In the lead-up to Pope Francis’ Apostolic Journey to the U.S., we are launching #FrancisontheFamily, a Diocesan-wide campaign that focuses on the catechesis of #PopeFrancis pertaining to family life. We have chosen to highlight some of Francis’ most repeated challenges to us – encounter, accompany, witness, and welcome – as a way of sharing the joy of family life.
By: Sr. Clare Hunter, F.S.E.
This was the response from a college student when I suggested the idea of volunteering at a nursing home. There were a number of reasons, but it boiled down to two main facts: the student had never had any substantial relationship with the elderly, and he was afraid of what made him uncomfortable. On November 19, 2013, Pope Francis gave a homily about the gift of grandparents and the elderly. How true Pope Francis’ words are for our world:
“We live in a time when the elderly do not count. It’s awful to say, but they are discarded. Because they are a nuisance to us.”
My young fearful friend is simply the natural product of generations who discard and discount the gift of the elderly and the inclusion of them in daily family life. Quite frankly, I found his fear irrational and lacking in reality — the logical outcome of a culture that rejects the reality of human life beginning at conception, has created a fluid definition to marriage and has determined elimination to be the solution for dealing with the fears of aging and dependence.
Though I can be afraid of that which is uncomfortable, I could not imagine my life without the influence of our esteemed elders. How blessed was I to have my great-grandparents, immigrants from Poland, attend “Grandparent Day” when I was in grammar school. My father is a nursing home administrator, and it was a great treat to go with him to work on days off from school. My favorite residents taught me how to latch-hook, (attempt to) crochet, told me stories and shared their candy.
I am sure that the seeds of my vocation were planted as Sr. Marcia, a social worker, took me with her on home visits to her elderly clients where they were able to have a young child around the house, and I learned the value of helping others and visiting the lonely. In my early teens I would sit with Helen, a woman silenced and crippled by a stroke, for a few hours so that her sister Nellie, her caregiver, could run errands. Elisabeth, a German Army nurse who saw the unspeakable, caring for the men at the front during World War II, would come for dinner and bring with her rich tales, foods and books to entertain my family. My parents always took us with them to wakes and funerals, instilling in us the reverence for the body and burial of the dead so beautifully held in the traditions of our Catholic faith. How sad I became for my college friend, who had no experience of what Pope Francis’ reminded us:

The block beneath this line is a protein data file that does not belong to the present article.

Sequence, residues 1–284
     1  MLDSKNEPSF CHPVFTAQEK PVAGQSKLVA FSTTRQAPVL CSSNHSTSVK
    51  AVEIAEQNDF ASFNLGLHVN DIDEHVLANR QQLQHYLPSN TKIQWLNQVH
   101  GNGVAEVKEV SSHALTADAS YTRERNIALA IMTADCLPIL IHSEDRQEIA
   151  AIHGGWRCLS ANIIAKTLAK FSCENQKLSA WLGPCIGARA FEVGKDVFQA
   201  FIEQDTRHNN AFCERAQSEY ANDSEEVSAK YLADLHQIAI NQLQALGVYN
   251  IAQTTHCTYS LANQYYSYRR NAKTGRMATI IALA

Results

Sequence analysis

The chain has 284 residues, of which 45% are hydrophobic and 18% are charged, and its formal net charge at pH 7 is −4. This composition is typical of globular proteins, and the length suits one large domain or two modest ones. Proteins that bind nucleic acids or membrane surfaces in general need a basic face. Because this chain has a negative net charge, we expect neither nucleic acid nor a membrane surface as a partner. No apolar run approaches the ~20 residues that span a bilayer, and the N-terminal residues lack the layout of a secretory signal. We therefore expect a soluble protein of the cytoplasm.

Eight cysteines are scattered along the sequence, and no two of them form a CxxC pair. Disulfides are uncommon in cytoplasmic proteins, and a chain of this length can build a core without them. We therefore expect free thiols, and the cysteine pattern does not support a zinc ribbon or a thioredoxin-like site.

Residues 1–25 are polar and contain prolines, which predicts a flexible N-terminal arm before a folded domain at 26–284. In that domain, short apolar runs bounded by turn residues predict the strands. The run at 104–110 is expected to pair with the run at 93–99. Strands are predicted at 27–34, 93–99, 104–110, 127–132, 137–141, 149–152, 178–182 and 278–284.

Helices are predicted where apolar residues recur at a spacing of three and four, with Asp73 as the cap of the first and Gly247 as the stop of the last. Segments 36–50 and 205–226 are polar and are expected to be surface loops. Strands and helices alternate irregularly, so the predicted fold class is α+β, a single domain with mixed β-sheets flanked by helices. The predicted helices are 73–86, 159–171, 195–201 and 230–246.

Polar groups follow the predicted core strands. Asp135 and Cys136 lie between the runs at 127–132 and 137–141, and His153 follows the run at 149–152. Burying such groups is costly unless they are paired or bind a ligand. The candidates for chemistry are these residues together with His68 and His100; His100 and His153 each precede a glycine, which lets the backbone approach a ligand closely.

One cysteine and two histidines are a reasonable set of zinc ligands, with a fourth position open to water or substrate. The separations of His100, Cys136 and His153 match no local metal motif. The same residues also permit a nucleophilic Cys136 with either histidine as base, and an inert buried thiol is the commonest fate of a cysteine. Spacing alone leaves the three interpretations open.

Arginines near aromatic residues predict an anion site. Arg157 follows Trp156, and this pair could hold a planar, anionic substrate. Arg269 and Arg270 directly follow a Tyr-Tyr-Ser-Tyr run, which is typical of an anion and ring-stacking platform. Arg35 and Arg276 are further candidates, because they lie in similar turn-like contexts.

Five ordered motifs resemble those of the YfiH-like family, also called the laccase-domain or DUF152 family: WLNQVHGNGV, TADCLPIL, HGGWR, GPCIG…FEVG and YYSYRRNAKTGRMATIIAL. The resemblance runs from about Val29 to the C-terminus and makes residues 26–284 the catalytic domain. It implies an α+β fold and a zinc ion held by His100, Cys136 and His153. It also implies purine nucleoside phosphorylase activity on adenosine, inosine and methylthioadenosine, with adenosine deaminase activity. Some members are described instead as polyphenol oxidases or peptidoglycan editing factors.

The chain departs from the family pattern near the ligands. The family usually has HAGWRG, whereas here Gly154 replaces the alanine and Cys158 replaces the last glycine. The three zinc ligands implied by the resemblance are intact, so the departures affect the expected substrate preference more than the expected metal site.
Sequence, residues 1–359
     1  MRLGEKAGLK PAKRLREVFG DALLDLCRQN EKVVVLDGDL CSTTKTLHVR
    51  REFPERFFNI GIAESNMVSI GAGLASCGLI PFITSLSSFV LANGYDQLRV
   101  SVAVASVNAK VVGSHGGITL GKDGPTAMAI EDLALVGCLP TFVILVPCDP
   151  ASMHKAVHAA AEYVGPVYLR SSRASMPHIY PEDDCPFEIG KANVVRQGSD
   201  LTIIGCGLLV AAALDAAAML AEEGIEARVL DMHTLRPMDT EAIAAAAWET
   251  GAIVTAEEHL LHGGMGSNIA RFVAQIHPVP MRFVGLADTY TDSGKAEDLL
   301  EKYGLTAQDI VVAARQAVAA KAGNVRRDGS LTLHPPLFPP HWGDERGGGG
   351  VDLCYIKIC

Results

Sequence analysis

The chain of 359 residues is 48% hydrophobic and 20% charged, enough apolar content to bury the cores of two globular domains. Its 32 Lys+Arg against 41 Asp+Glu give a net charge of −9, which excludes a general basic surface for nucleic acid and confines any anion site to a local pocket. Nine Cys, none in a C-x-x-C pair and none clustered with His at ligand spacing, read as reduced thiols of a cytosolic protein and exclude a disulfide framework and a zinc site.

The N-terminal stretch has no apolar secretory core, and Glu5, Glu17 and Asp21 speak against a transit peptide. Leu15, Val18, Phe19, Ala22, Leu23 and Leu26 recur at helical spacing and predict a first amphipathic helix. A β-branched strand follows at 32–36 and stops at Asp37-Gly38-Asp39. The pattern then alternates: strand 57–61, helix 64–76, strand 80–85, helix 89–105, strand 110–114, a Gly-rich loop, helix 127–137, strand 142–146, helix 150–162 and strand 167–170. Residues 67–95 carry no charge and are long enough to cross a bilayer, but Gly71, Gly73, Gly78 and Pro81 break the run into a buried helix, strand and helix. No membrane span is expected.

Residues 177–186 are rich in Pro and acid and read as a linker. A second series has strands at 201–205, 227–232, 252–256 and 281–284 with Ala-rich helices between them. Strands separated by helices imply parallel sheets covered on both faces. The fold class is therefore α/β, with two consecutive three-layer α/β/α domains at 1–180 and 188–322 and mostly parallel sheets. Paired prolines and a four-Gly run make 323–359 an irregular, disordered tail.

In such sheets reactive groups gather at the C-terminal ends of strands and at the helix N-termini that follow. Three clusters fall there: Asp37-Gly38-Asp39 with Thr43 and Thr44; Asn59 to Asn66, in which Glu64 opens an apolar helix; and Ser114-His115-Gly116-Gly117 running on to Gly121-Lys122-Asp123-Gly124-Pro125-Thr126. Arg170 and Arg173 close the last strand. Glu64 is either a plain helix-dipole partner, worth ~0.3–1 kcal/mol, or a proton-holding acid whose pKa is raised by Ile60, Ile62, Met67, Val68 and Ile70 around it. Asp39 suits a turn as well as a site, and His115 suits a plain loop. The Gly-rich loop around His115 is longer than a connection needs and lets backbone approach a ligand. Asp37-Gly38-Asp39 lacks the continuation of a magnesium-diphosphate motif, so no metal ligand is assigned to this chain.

“The elderly are those who carry history, that carry doctrine, that carry the faith and give it to us as an inheritance. They are like a good vintage wine who have this strength from within to give us a noble heritage.”
It was not always easy. I saw too the frustrations, the pain, the confusion, the failing bodies, the dementia and the loss of a sense of self, and the dependence that is terrifying, making it very hard to know how to relate to these men and women. It is especially difficult when it is a loved one you knew as so strong, capable and central to your life. It is natural to become frustrated, angry or impatient and to want to stay away, or worse, to make them go away. Yet, unless we die young, we will all know the realities of aging minds and bodies, and the need for loved ones to care for us with the love and dignity each person deserves.
During that same homily, Pope Francis then recalled a story he was told as a young child:
“There was a father, mother and their many children, and a grandfather lived with them. He was quite old, and when he was at table eating soup, he would get everything dirty: his mouth, the serviette … it was not a pretty sight! One day the father said that, given what was happening to the grandfather, from that day forward he would eat alone. And so he bought a little table, and placed it in the kitchen. And so the grandfather ate alone in the kitchen while the family ate in the dining room. After some days, the father returned home from work and found one of his children playing with wood. He asked him: ‘What are you doing?’ to which the child replied: ‘I am playing carpenter’. ‘And what are you building?’ the father asked. ‘A table for you, papa, for when you get old like grandpa’.”
In closing his homily, Pope Francis teaches us our Catechism:
“The fourth commandment: it is the only one that promises something in return. It is the commandment of mercy — to be merciful with our ancestors…let us ask for the grace to take care of, to listen and venerate our ancestors, our grandparents.”
I asked my young college friend to consider this homily, to reflect on the aching emptiness he knows in his life and to make the decision to do something about his desire to be more fully alive in his faith. I hope he goes to the nursing home, and finds life.
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